Monday, October 20, 2014
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The revolution in Egypt was not televised, it happened via the social network ... twitter ... texting ... and so on.

By Yussuf J. Simmonds
Sentinel Managing Editor


In gauging the reaction to the events in Egypt as they relate to Blacks in America and to Black Africa, it is important to understand a bit of geography, a little history and culture, and a whole lot about the continent of Africa--especially North Africa, which consists mostly of people whose culture is predominantly Arab.

(A few years ago, while discussing race and culture as it related to Egypt, historian and attorney Legrand Clegg, on a television show, was told by the commentator that many professors of Egyptology would disagree with him for stating, in his series, "When Blacks ruled the World," that the original Arab in Egypt was Black. The commentator further stated, "you go to Egypt now and you don't see any/many Black people." Clegg immediately responded, "When you come to America now, you don't see any Red Indians either.")

That was a profound statement because many people in Egypt, and throughout the world, do not realize, or just simply ignore the geographical fact that Egypt is indeed a part or Africa. So, the recent events in Egypt do have an effect on the people on the continent--especially those who are under the same type of dictatorial rule.

Scholars, politicians, diplomats and others are presently scurrying to understand what has happened, and to some extent, some are prodding--with the assisting of technology--for the same thing to happen in other countries in the region, the Southwest region of Asia, known as the Middle East. However, it is mostly Black Americans and Black Africans who are studying the events as they relate to the African continent.

Referring to the renown scholar, Frantz Fanon, Dr. Maulana Karenga wrote in his recent column titled, 'Reading Revolution into Revolt: Cautionary Notes on North Africa,' that "... Fanon teaches us, we see it as a moral obligation to sanction and support all struggles of the oppressed for liberation and the good, decent and dignity-affirming life all humans desire and deserve ..."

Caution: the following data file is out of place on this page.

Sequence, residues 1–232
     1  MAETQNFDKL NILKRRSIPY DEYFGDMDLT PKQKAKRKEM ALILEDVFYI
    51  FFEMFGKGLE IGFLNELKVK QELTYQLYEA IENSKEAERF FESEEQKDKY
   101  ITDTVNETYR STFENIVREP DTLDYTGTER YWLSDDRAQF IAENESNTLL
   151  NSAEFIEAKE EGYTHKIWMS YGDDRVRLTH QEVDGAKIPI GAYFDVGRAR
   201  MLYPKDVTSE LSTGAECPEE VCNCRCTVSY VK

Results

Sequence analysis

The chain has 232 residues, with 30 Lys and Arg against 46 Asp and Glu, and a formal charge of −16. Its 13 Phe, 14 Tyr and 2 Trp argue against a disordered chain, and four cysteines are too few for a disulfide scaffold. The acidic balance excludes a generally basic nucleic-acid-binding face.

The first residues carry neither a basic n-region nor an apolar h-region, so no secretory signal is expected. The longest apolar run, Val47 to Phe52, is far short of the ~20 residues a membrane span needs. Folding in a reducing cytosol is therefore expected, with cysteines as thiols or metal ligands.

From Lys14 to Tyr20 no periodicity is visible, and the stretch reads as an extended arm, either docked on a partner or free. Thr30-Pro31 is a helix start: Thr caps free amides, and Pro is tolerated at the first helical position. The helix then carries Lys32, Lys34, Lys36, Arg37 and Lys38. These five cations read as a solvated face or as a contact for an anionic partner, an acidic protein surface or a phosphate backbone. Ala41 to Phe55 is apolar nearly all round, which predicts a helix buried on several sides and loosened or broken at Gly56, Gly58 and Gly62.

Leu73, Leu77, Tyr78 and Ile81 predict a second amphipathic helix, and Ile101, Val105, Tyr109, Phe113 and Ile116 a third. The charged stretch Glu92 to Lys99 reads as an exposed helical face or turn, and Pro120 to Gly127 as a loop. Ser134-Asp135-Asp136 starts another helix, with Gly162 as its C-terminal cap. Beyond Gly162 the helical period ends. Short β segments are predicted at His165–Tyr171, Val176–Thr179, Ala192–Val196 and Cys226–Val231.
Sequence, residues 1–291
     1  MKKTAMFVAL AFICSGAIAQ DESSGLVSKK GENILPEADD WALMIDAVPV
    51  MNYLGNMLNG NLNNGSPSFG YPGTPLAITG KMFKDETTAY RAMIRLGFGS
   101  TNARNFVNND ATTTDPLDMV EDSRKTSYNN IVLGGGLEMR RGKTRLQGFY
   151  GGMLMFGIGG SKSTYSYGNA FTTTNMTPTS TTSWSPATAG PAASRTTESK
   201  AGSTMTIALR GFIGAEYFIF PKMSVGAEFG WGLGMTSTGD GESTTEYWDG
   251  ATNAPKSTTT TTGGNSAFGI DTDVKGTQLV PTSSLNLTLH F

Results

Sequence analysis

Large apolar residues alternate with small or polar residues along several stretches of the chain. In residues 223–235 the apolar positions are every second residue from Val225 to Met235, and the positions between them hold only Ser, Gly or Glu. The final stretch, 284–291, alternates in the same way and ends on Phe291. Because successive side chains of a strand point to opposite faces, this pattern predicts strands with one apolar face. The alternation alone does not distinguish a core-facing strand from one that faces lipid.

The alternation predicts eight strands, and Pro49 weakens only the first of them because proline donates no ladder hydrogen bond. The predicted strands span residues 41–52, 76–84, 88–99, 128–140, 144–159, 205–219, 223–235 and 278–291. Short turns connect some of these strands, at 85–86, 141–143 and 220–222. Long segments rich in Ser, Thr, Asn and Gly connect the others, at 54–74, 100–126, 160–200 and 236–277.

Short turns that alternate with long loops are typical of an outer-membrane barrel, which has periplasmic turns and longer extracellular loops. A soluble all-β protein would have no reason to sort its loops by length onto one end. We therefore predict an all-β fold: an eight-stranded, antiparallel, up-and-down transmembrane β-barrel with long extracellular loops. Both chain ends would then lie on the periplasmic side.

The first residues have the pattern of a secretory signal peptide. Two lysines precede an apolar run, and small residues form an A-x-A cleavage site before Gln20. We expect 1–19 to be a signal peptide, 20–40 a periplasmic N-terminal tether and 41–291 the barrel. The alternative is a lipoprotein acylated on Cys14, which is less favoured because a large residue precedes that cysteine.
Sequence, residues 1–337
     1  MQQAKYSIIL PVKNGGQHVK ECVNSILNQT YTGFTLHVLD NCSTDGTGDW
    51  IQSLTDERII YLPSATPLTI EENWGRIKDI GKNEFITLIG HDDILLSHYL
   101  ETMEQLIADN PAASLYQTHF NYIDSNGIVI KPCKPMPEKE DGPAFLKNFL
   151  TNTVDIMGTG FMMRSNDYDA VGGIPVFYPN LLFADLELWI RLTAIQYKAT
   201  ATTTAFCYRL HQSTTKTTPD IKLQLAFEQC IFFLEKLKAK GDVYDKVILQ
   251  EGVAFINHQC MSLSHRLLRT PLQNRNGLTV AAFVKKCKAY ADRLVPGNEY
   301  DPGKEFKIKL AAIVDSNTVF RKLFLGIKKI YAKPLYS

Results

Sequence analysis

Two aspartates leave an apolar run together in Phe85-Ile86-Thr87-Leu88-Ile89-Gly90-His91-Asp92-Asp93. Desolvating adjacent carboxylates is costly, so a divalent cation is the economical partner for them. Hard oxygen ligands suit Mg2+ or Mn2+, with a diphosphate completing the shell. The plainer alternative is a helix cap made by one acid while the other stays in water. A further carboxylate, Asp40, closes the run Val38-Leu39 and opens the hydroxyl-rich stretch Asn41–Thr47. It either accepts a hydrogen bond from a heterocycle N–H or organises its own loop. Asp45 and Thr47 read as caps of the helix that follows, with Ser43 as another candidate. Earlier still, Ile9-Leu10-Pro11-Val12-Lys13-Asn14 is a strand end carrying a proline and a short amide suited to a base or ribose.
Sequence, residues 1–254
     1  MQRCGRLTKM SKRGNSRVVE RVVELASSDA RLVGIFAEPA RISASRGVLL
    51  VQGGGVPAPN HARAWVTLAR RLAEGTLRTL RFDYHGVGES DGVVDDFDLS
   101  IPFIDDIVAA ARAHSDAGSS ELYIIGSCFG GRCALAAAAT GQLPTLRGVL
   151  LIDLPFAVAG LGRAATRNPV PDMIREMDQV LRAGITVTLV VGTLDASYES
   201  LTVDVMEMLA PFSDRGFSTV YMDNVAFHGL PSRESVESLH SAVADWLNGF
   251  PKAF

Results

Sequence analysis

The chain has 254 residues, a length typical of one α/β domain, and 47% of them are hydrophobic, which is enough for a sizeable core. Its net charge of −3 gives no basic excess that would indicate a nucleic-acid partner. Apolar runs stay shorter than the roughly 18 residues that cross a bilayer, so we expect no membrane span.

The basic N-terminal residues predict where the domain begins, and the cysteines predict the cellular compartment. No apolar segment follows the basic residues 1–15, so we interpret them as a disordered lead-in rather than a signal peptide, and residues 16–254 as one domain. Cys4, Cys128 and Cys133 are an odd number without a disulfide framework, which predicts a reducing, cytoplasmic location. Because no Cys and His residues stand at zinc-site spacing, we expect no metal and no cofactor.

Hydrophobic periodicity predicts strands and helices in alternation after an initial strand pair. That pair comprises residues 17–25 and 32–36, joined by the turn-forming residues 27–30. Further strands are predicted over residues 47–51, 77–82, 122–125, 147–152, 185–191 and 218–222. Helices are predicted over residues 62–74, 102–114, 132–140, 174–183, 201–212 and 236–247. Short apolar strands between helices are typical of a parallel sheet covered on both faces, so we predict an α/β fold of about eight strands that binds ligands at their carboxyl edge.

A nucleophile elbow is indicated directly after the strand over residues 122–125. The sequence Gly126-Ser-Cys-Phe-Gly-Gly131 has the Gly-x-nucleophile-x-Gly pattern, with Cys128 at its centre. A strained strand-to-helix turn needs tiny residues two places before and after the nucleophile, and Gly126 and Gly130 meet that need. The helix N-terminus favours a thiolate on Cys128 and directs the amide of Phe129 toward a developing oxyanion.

The chair of the NAACP National Board of Directors, Roslyn M. Brock issued the following statement, "We encourage the peaceful and thoughtful participation of all Egyptian people to help build a future that is free and fair for all. The NAACP affirms the imaginative, principled and constructive dialogue among the diversity of communities. We are convinced that the Egyptian people can produce a hopeful prospect for a robust and resilient Egypt that will provide leadership and partnership for other efforts of democracy and opportunity throughout the region, the African continent, and the world."

Black Americans in general, as standing with the people of Egypt who are calling for greater democracy, transparency, and accountability in their country. And like some of the injustices that Black Americans fought for--and some for which they are still fighting--they applaud and support democratically inspired civic engagement throughout the world in which the people of each nation advocate for equality, justice and opportunity for all of its citizens.

"The NAACP calls on the Egyptian government to cooperate with the democratic will of its people and to collaborate on a peaceful transition of power to facilitate free and fair elections," stated Reverend Dr. David Emmanuel Goatley, Chair of the NAACP Board's International Affairs Committee. "We urge those with access to various forms of power to use their influence to advance peace and prosperity, and refrain from the abuses that result in injury, loss of life, and destruction. We further encourage Egyptian citizens to continue their struggle toward building a country that is stronger and better through ensuring civil and human rights for all of its' citizens, residents, and neighbors under a representative democratic government."

It is of paramount importance that Black Americans, in solidarity with Egypt and other African nations, seize this as an opportunity for greater freedom on the continent; for as the "dominoes have begun to fall" starting in Tunisia and Egypt--both on the continent of Africa--so too will the rest of the dictators and tyrants.

For as Dr. Karenga wrote in another part of his article, " ... we, as an oppressed, struggling and freedom-cherishing people have played and must continue to play in the unfolding history of the world."

Category: International




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